We gathered our consultants together at this round table to discuss the power supervisors wield on the employee experience. Supervisors can either rally the troops for the cause of an organization or contribute to an all-out mutiny! This may be a touch dramatic, but you get the gravity of the issue. Our experts illustrate seven behaviors of engaging supervisors and some of the more nuanced ways supervisors influence their direct reports.
The Power of Consistency in Supervisor Behavior
Inconsistency among managers seems to be a very common pattern in many organizations that we advise. Some shining stars may foster engagement on their team while others succeed less in this area.
Principal Consultant, Dan Hoopes explains that in addressing the inconsistency of managers, we must address the impact of those inconsistencies. Organizations are starting to pinpoint the negative impact and drain that certain supervisors are having on their entire organization. We help clients visualize their path to maturity with this graphic.
“If an organization wants to move up the maturity curve, managing the disengaged and the disengaging are critical to be able to meet the next threshold of engagement.” Dan Hoopes, Principal Consultant
Behavior 1: Provide Consistent Feedback
Principal Consultant, Beth Wilkins points out that many managers have a hard time giving performance feedback. We like to recognize people or give them positive feedback, but corrective feedback presents quite the challenge. We may fear this kind of interaction because we fear the possibility of discomfort or tension. And so, some supervisors may feel equipped to handle these crucial conversations while others avoid them altogether. It makes it very difficult to embed engagement across the board when one of those groups may be having a different quality of experience than others. Simply holding a bi-yearly workshop on how to give constructive feedback will help you make sure your managers are equally equipped for these conversations. Don’t let budget stand in your way – you’ve hired good people. Let your internal experts lead these sessions.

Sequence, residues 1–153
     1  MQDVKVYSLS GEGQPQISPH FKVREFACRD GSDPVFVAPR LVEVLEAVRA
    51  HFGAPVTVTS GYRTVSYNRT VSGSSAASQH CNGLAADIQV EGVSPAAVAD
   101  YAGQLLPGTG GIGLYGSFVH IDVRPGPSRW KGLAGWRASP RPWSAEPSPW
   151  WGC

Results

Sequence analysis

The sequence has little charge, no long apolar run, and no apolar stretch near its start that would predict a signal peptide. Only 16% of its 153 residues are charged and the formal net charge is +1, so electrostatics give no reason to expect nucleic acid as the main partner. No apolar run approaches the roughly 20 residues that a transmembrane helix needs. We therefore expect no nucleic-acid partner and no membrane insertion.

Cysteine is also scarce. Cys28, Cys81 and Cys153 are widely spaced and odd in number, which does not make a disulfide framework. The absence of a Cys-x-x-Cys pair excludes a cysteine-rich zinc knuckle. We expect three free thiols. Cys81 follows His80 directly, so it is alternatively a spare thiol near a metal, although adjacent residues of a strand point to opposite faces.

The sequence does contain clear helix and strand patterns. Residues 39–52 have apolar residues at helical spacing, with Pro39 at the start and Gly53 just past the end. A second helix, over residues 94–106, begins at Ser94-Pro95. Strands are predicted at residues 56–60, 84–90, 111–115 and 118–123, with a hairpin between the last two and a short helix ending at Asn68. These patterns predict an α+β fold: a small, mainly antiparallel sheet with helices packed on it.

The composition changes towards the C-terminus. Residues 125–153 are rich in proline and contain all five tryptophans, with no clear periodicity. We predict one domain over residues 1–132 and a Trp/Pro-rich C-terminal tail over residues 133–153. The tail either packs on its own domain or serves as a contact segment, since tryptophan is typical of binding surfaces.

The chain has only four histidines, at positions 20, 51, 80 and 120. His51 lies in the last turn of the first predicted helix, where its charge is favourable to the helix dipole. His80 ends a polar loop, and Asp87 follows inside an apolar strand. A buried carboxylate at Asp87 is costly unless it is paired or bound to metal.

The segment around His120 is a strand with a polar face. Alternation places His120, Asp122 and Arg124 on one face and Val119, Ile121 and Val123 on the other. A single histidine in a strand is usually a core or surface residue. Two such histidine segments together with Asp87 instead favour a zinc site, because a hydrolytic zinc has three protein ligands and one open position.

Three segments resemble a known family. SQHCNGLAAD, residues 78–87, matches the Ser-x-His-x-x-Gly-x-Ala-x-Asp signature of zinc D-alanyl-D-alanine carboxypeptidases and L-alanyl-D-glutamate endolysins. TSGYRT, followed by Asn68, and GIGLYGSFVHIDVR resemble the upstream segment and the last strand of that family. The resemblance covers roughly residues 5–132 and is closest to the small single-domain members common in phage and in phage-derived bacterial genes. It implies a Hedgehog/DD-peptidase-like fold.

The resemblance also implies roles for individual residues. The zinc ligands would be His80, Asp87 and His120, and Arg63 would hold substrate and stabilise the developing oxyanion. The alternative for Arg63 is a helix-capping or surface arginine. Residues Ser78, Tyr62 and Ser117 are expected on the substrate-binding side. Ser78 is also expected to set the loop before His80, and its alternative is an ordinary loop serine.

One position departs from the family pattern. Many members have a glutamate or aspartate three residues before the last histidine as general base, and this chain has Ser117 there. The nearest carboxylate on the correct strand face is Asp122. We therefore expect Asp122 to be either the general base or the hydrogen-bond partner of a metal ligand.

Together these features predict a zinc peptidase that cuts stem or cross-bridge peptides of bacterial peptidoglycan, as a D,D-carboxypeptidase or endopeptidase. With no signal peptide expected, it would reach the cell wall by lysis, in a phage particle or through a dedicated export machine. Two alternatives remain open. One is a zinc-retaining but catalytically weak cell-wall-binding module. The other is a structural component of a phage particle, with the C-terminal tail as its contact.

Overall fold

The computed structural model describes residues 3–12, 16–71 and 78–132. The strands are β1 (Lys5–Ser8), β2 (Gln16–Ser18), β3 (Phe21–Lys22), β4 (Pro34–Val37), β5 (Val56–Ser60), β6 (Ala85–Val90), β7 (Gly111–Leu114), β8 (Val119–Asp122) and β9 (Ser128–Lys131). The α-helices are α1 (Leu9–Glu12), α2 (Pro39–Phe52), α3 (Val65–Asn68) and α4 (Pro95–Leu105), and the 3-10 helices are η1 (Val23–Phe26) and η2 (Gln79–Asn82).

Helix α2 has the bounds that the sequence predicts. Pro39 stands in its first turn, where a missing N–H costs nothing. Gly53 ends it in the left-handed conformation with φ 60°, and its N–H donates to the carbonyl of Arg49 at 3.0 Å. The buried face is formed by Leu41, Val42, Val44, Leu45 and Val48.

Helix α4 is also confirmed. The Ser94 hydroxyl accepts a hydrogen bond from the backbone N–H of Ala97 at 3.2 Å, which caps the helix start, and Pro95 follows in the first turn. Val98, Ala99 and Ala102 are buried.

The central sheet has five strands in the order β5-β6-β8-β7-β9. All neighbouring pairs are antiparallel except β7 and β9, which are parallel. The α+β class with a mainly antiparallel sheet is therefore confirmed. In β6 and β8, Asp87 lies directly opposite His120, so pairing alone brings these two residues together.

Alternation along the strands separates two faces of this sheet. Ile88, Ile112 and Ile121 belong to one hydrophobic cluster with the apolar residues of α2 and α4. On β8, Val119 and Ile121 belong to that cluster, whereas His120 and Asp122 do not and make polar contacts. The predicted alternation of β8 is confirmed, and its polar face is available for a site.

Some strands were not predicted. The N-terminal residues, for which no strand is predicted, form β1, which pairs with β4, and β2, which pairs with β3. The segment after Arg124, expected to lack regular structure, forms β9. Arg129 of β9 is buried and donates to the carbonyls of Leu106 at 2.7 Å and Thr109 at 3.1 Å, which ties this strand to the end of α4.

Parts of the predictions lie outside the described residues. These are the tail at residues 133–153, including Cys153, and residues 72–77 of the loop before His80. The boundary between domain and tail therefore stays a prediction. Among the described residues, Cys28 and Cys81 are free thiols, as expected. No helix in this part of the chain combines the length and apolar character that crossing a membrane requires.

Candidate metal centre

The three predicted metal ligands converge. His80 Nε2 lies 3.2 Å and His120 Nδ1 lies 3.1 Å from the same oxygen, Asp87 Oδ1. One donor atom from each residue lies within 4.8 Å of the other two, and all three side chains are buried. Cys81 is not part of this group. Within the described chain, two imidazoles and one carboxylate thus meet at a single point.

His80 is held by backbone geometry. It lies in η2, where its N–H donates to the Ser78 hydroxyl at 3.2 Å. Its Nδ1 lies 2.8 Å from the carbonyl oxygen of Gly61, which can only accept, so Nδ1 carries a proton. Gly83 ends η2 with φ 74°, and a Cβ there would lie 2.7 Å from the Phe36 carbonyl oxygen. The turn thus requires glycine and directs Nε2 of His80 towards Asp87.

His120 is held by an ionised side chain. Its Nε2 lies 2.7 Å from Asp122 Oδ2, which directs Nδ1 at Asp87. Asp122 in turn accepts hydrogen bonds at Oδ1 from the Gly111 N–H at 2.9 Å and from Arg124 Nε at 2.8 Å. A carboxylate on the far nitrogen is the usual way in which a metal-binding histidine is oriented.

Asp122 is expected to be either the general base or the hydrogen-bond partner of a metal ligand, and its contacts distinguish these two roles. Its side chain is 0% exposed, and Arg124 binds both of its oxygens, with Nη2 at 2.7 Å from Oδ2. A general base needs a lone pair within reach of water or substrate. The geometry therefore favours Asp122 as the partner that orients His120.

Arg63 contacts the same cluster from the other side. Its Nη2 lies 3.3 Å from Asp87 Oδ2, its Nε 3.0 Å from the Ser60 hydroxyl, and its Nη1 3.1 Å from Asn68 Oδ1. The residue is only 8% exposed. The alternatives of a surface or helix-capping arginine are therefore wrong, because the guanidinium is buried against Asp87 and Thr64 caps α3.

Pay Attention to Feedback Among Demographics
“BYU Professor, Taeya Howell has analyzed various kinds of manager feedback and uncovered that feedback to females is less direct. Dr. Howell has also learned that women receive feedback less frequently. The implications are that women lack a clear picture of how to improve and be more successful. Due to these discrepancies, I always try to highlight the responses of different demographics when debriefing survey results.” Beth Wilkins, Principal Consultant
Behavior 2: Discuss Development with Direct Reports
Supervisors play an integral role in the development of their teams. Consultant, Stephen Mickelson illustrates this point with a story from his recent experience with a client.